Sea holly plants (Eryngium) are low-maintenance and produce striking purple-blue flowers that look like small glowing thistles. They are very similar to globe thistle (Echinops), but sea holly flowers have green or blue cones and a distinctive bract collar in silver, white, green or bluish-purple. The colors often look almost metallic and painted on and can change in the sunlight. Sea holly plants can have green or silvery-blue stems. The leaves can be long and thin, deeply lobed, or even round, depending on the variety. The plants are very tolerant of dry conditions and also handle salt spray with ease.
|Botanical Name||Eryngium species|
|Common Names||Sea holly, Miss Wilmott's ghost, rattlesnake master, button snakeroot|
|Plant Type||Perennial flower|
|Mature Size||6 to 18 inches|
|Sun Exposure||Full sun|
|Soil pH||6.5 to 7.5|
|Bloom Time||Summer to fall|
|Flower Color||Green, blue, blue-purple, silver, white|
|Hardiness Zones||4, 5, 6, 7, 8, 9|
|Native Area||Europe and Mediterranean countries|
How to Grow Sea Holly
Flowering starts in mid-summer and will continue into the fall. You will enjoy how low-maintenance they are as they don't like excessive water and fertilizer and they also don't like to be moved. Sea holly will bloom longer if you deadhead the spent flowers, but they look wonderful long into winter, so leave the fall flowers on the stems. The birds will thank you.
This is a great flower for all those spots in the garden where the hose doesn’t reach or in that infamous "hell strip" between the sidewalk and the street. But don’t confine it there. The blues and silvers blend well with just about every color, especially yellow and orange. Pair it with rudbeckia, coreopsis, zinnia, and cosmos. The tall varieties can need some support and planting them behind sturdy plants, like coneflowers, will help keep them standing.
Sea holly is popular with bees and butterflies, but not with deer and rabbits. The flowers last several days in a cut flower arrangement.
A full day of sun will give you’re the strongest sea holly plants and the most blooms. They can handle a bit of partial shade, but the plants will be floppy.
Sea holly is not particular about soil pH. Anything around the neutral range would be good. However, the plants need good drainage or they will die off.
Once established, sea holly is very drought tolerant and won’t need additional water unless subjected to a prolonged, hot, drought. Sea holly has a long taproot. This makes it very drought tolerant, but it also means it is getting its water from deep in the soil and surface moisture will just allow the crown to rot.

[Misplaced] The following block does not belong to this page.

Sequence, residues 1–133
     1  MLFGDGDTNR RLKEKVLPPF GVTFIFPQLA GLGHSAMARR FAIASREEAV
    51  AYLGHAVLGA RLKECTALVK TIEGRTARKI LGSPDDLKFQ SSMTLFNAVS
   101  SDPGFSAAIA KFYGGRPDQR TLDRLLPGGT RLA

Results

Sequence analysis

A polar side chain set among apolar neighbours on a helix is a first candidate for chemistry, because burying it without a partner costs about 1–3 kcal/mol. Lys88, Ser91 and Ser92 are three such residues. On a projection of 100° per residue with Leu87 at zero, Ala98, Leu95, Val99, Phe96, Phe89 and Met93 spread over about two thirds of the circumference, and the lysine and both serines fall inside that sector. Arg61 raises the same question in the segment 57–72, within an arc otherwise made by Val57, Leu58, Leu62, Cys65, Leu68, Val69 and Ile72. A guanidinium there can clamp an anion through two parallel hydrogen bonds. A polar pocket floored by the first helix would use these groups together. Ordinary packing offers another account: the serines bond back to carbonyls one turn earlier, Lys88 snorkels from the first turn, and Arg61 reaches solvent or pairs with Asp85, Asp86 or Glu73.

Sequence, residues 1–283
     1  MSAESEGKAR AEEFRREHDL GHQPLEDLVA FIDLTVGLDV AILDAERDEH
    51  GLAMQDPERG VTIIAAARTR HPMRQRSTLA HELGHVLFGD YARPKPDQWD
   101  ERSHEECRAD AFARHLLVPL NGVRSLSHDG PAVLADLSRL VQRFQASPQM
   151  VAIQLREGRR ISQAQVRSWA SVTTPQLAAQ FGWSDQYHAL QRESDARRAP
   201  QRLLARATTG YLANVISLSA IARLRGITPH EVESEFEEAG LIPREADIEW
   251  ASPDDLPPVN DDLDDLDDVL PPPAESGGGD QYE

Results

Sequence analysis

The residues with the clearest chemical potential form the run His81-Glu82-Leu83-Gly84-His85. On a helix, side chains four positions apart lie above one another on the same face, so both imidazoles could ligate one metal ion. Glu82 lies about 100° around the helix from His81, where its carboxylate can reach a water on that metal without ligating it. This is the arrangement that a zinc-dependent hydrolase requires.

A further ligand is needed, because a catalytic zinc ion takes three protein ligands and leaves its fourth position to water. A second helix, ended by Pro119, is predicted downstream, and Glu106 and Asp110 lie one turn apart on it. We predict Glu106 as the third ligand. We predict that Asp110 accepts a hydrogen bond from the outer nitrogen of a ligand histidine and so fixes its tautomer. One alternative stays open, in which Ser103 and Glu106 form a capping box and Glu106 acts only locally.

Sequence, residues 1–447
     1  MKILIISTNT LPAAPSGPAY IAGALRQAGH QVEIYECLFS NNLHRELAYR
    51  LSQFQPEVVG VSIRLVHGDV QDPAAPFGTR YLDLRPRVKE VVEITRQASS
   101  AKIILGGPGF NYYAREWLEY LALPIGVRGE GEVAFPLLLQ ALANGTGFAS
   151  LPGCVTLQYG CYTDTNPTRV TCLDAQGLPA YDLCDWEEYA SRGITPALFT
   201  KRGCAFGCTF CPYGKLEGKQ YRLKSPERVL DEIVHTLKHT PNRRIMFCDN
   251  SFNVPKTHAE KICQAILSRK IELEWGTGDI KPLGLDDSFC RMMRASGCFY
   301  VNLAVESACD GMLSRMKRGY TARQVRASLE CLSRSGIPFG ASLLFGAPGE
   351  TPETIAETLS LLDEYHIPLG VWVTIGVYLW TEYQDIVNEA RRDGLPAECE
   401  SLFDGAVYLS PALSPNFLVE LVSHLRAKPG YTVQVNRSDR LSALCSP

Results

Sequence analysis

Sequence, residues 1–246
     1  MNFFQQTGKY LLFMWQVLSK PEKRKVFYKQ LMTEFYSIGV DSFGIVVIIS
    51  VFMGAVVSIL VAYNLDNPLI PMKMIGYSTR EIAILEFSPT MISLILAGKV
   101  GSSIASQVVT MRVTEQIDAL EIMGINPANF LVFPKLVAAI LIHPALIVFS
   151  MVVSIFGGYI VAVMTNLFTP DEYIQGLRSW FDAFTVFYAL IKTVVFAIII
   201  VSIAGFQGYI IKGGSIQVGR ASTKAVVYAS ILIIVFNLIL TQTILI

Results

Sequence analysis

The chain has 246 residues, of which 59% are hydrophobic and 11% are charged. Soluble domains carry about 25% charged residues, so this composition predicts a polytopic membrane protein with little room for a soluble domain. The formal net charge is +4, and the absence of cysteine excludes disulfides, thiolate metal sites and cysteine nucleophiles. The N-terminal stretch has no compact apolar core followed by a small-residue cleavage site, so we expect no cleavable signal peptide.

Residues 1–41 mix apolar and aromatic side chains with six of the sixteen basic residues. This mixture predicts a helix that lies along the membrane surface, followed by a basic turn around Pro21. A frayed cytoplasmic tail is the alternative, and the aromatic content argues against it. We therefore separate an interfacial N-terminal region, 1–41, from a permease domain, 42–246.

Temperature and Humidity
Most sea holly species are reliably perennial in USDA Hardiness Zones 4 to 9. Although they can be more difficult to grow in areas with cold, wet winters, if you can get them established, you should have good luck with them.
Propagating Sea Holly
Because sea holly has a tap root, it does not divide easily. You can, however, take root cuttings in the spring. Sea holly transplants easily as seedlings, but it gets more difficult as the plants mature, which is why you don’t see a lot of them in plant nurseries. If you want to move volunteers (seedlings that sprout up on their own), do it early.
Varieties of Sea Holly
New introductions come out every year and claim the shelf space of older types. They’re all lovely, but some grow better in different conditions, so check to see which are successful in your area.
- "Jade Frost" has variegated foliage and pink margins and veins.
- "Giant Sea Holly" can grow as tall as 4 feet. Giant sea holly also goes by the name "Miss Wilmot’s Ghost", because of its shadowy coloring. It is named for an English gardener, Ellen Wilmot.
- "Blue Glitter" has dozens of blooms on each plant, with gray-blue foliage.
- "Sapphire Blue" is a common favorite with blue flowers and leaves
- "Tiny Jackpot" grows to 14 inches tall and looks good at the front of a border.
Growing From Seeds
Most sea holly varieties can be started from seed. They do best if stratified first. The easiest method is to direct sow in the fall and then be patient and wait to see what sprouts in the spring. But you could start sea holly seeds indoors if you chill them for about four weeks in the refrigerator and then move them out to germinate in about two to three weeks.
Common Pests and Diseases
Problems with sea holly are usually caused by damp conditions either in the soil or air. Slugs are about the only pest to break through sea holly’s defenses. If your plants are in a dry, sunny spot, slugs should not be a major problem.